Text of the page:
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The Fall of Baghdad
As U.S. Troops Arrive, Saddam Hussein's Regime Crumbles

moreListen to Vice President Dick Cheney's comments on the war. April 9, 2003

moreListen to Secretary of Defense Donald Rumsfeld's news briefing on the fall of Baghdad. April 9, 2003

An Iraqi man throws stones at a 20-foot-tall statue of Saddam Hussein as it falls in central Baghdad, April 9, 2003.
An Iraqi man throws stones at a huge statue of Saddam Hussein as it falls in central Baghdad, April 9, 2003. Showing contempt for the man who ruled them for 24 years, Iraqis attacked the statue with sledgehammers and put a noose around its neck.
Credit: Reuters Limited 2003


Iraqi Kurds wave Iraqi Kurdish flags in the northern town of Arbil, April 9, 2003, to celebrate the arrival of U.S.-led coalition forces in Baghdad.
Iraqi Kurds wave Iraqi Kurdish flags in the northern town of Arbil, April 9, 2003, to celebrate the arrival of U.S.-led forces in Baghdad.
Credit: Reuters Limited 2003



Iraqis greet advancing U.S. Marines on the way to central Baghdad, April 9, 2003.
Credit: Reuters Limited 2003


April 9, 2003 -- As U.S.-led forces take control of Baghdad, Iraqi security officials disappear from the capital city's streets, replaced by looters. Iraqi civilians cheer on advancing U.S. troops as they celebrate the apparent end to Saddam Hussein's oppressive 24-year-long rule. Iraqis aided by U.S. Marines topple a huge statue of Saddam in central Baghdad. Pockets of resistance are reported in parts of the Iraqi capital, and fighting continues elsewhere in the country. Follow NPR's coverage:

Iraqi Regime Crumbles as U.S. Forces Take Baghdad
Fighting is still reported in parts of Baghdad, but the central government appears to have collapsed. U.S. Marines sweep into the heart of the city from east, meeting up with U.S. Army units. Hear from NPR's Anne Garrels in Baghdad and NPR's John Burnett with the Marines. April 9, 2003

Iraqis Celebrate in Baghdad Streets
In Baghdad, security forces desert the streets, replaced by looters, and government officials have disappeared. Hundreds of Iraqi civilians take to the streets, cheering U.S. soldiers and ripping up posters of Saddam Hussein. And with the help of a U.S. Marine vehicle, a crowd of Iraqi citizens topples a giant statue of Saddam Hussein. Hear NPR's Anne Garrels. April 9, 2003

The Mood in Baghdad
As Saddam Hussein's regime falls, Baghdad's residents take to the streets, some looting, some in celebration. "Something just snapped" among the Iraqi populace, NPR's Anne Garrels reports. The few journalists covering the war from inside Baghdad are breathing easier as Iraqi security officials seem to have completely disappeared, Garrels says. April 9, 2003

Muslims Called to Action against U.S.
Saddam Hussein's government has fallen, but for many Muslims the war is now about the United States vs. Islam. That's a sentiment heard in Egypt, where a Muslim cleric has given his blessing to anyone who wished to aid Iraq. The cleric said the war in Iraq really amounted to an attack against all Muslim nations. NPR's Michael Sullivan reports. April 9, 2003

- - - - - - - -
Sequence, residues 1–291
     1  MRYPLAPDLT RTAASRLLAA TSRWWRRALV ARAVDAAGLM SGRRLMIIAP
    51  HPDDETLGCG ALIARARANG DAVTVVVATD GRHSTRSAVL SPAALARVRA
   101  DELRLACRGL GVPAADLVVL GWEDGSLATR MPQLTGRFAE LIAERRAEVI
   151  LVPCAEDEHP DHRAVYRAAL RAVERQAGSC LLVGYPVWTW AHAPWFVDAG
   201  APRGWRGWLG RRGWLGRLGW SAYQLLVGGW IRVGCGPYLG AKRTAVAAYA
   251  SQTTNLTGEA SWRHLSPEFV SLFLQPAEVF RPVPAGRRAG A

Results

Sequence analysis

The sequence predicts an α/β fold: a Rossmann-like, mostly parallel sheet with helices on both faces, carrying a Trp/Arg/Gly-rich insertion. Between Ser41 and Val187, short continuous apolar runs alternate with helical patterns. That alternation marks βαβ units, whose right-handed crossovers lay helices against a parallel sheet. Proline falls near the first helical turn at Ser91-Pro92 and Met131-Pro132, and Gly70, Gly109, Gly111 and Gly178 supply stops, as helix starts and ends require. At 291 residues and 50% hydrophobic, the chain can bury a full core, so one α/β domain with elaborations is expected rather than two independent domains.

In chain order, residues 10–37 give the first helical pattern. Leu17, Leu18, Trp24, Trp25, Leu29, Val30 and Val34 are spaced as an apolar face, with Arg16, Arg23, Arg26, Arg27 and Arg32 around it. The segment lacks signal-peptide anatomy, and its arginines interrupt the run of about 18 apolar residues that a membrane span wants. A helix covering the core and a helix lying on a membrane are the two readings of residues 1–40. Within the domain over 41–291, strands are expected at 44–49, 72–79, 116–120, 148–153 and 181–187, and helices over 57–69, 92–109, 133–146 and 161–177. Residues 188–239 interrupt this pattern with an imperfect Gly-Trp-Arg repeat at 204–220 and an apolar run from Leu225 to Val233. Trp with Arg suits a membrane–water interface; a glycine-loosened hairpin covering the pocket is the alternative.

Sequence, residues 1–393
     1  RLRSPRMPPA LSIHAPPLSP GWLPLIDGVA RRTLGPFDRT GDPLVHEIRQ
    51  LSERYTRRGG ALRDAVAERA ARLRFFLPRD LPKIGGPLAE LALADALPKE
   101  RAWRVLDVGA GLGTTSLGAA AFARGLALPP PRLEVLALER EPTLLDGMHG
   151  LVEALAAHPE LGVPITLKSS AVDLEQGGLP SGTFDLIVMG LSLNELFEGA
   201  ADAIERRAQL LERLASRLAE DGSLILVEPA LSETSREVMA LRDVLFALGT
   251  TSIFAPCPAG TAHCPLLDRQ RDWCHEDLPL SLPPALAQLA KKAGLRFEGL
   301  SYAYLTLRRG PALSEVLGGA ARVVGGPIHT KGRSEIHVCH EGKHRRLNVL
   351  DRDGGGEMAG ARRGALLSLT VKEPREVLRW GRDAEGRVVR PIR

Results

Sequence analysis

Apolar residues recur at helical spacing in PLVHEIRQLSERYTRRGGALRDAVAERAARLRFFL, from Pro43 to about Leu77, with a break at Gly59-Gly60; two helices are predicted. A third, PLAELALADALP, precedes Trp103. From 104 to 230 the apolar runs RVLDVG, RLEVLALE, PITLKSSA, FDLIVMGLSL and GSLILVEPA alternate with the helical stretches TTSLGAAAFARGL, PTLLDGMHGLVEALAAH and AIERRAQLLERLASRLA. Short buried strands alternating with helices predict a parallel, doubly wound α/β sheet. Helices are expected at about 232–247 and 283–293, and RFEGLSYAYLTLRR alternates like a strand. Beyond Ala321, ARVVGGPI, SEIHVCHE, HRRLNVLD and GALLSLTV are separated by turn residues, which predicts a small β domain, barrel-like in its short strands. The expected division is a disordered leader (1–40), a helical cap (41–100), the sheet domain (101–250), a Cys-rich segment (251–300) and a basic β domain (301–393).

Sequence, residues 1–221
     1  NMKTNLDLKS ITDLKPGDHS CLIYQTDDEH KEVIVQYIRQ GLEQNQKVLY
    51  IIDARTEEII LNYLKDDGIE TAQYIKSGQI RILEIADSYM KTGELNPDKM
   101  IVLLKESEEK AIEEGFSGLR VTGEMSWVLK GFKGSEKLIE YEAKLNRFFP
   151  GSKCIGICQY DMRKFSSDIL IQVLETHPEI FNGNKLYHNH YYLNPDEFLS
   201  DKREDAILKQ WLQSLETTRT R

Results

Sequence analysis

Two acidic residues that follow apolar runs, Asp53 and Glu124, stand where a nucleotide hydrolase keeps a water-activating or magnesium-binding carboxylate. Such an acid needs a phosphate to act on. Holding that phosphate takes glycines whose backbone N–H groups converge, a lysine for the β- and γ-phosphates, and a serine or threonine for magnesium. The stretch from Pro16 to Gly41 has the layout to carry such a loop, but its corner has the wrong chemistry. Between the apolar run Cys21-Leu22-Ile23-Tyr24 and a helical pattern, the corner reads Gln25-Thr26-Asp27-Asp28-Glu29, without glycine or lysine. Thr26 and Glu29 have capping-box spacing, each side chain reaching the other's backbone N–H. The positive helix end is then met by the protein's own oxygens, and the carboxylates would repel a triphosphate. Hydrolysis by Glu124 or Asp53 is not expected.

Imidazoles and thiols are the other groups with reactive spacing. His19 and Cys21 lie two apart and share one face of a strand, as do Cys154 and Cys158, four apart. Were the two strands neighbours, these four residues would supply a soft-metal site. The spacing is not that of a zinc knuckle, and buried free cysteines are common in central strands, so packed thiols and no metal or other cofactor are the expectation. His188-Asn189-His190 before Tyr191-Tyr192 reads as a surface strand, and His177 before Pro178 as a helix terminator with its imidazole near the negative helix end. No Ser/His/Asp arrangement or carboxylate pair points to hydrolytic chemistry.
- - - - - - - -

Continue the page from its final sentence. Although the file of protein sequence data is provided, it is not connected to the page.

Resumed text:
Marines Sweep Eastern Baghdad
U.S. Marines moved with relative ease through much of eastern Baghdad, which is now under their control. But intelligence officials warn that Saddam loyalists are still out there, waiting in ambush. NPR's John Burnett is with the Marines in Baghdad. April 9, 2003

Looters Hit Baghdad as U.S. Troops Take Control
As signs of government authority in Baghdad disappear, hundreds of Iraqi civilians take to the streets, cheering U.S. soldiers and ripping up posters of Saddam Hussein. But many loot government buildings throughout the Iraqi capital. Hear NPR's Anne Garrels and NPR's Nick Spicer. April 9, 2003

Images on the Road to Baghdad
Andy Nelson, a photographer embedded with a U.S. Marine division approaching Baghdad from the south, shares some of his images taken along the road into the Iraqi capital city. View a photo gallery of Nelson's images. April 9, 2003

White House Urges Caution Despite U.S. Gains in Baghdad
President Bush is pleased with the U.S. military's progress in Baghdad and believes the "historical moment" is a "powerful testament to mankind's desire to live free," White House spokesman Ari Fleischer says. But the White House also warns that dangers for U.S. troops could still lie ahead. Hear NPR's Brian Naylor. April 9, 2003

Arab Americans in Dearborn Rejoice over Baghdad's Fall
Spontaneous celebrations break out in Dearborn, Mich. -- home to a large Arab-American community and many Iraqi immigrants -- as news arrives that Baghdad is in U.S. hands. Celeste Headlee of member station WDET reports. April 9, 2003

Analyst: Iraqi War Plan 'Most Inept' Ever Designed
Though U.S. military might certainly played a role, the collapse of Saddam Hussein's regime is largely a result of Iraqi military ineptitude, says military historian John Keegan. Iraqi forces failed to make use of the country's natural defenses and threw away whatever advantages they may have had, Keegan says. April 9, 2003




   
   
   
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